Apparently I struck a bit of a nerve last month with my comments about the upcoming NAFA I&E. Judging from the emails and texts I got, roughly 99% of the suppliers and fleet managers who read Automotive Fleet agreed with my comments and thanked me for pointing out the obvious. A couple of people took exception and took the time to respond, in quite a bit of detail.
Rather than digressing into a prolonged point-counter point, I’ll just take this moment to appreciate that sometimes things get lost in translation and sometimes the message you think you are sending isn’t the message that is received.
If anyone appreciates how difficult it is to get fleet managers to turn out for an event, it is me. We host several events throughout the year and we partner with several associations that put on fleet events. Year in and year out, it is always a struggle to get fleet managers out from behind their desks.
However, no matter how we perform we never stop looking for ways to reinvent our conferences, to make the content more compelling, and to make sure our attendees and our exhibitors are getting what they need. One way we do that is by reaching out to the people who didn’t come to the event so we can discover why they didn’t think it was worth their time and money.
In the case of the NAFA I&E, it looked like there was the usual size crowd this year in Anaheim, Calif. I’m sure there are some press releases about growth over last year, about the 1000+ plus “fleets” that were there and about the event being a home run again. As usual, the 1000+ fleets will probably distill down to a couple hundred once we take out the suppliers. And, once again, I’m left wondering why more fleets don’t attend.
Our databases indicate that there are about 60,000 commercial fleets of various sizes across the U.S. There are another 18,000 or so public sector fleets that are also potential attendees. So even if we take the “over 1,000 fleets” at face value, that still means that 98.8% of the fleet decision makers did not attend.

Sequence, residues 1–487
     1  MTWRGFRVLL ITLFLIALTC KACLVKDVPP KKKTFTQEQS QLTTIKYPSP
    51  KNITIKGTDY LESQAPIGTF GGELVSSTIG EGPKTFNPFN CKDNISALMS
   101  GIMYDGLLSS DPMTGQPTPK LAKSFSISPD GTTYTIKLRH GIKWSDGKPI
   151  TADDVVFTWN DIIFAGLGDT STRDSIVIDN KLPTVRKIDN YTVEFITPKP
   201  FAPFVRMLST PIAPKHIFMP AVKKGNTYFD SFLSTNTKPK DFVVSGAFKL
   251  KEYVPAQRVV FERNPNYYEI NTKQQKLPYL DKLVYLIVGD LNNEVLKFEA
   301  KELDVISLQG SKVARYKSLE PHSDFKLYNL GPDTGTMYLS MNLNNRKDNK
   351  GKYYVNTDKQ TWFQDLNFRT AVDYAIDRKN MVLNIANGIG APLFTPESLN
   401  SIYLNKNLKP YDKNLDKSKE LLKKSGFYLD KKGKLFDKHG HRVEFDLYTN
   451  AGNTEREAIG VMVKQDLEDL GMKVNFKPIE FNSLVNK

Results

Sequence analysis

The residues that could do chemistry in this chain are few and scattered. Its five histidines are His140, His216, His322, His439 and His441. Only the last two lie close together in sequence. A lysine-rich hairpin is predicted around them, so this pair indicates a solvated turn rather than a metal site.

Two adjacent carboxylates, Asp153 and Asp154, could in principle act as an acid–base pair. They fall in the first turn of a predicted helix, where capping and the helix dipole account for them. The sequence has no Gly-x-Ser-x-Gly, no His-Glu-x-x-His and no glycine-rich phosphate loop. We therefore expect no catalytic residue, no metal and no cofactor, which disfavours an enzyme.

At a recent OEM advisory board meeting I attended, the subject of the NAFA Conference attendance came up. Out of the 20 fleet managers in attendance, 19 said they were not planning on going because they didn’t see value in it anymore.
This wasn’t just any group of fleets. These were some of the rock stars of the business, people who manage fleets of 5,000-10,000 vehicles, including several past Fleet Manager of the Year winners and nominees. Those 19 rock stars along with roughly 77,000 of their peers made the decision not to go. Again. Which begs a couple of questions: first, why don’t they see value in attendance? And second, why doesn’t anyone seem to care that they aren’t showing up year after year.
If anyone in a position of authority at NAFA wants to reach out to the silent non-member majority, the staff of Automotive Fleet would be more than happy to help. We reach those people in print and online every month and would be interested in finding out what changes they are looking for. But we also understand if the echo chamber is too loud and there isn’t any appetite for reaching out to the greater fleet audience.
It’s a difficult thing to realize you need to make big changes in the way you do business. We all struggle with that in today’s climate. We understand that as well as anyone. When I started here, Bobit Business Media was Bobit Publishing and all we did was publish magazines.
Now, 20 years later, we produce events, we host websites, we do market research, we do deep demographic studies of our markets, we consult with suppliers on how to reach our markets, and then when we have a few free minutes, we try to produce a few magazines. We had to make a lot of painful changes along the way, but it was well worth it.
The change was good for us and makes me grateful every day that Ed and Ty Bobit were willing to listen to what our readers and suppliers were telling us. I hope someday that someone at NAFA feels similarly inspired to listen to the market. If you disagree, let me know.
Originally posted on Automotive Fleet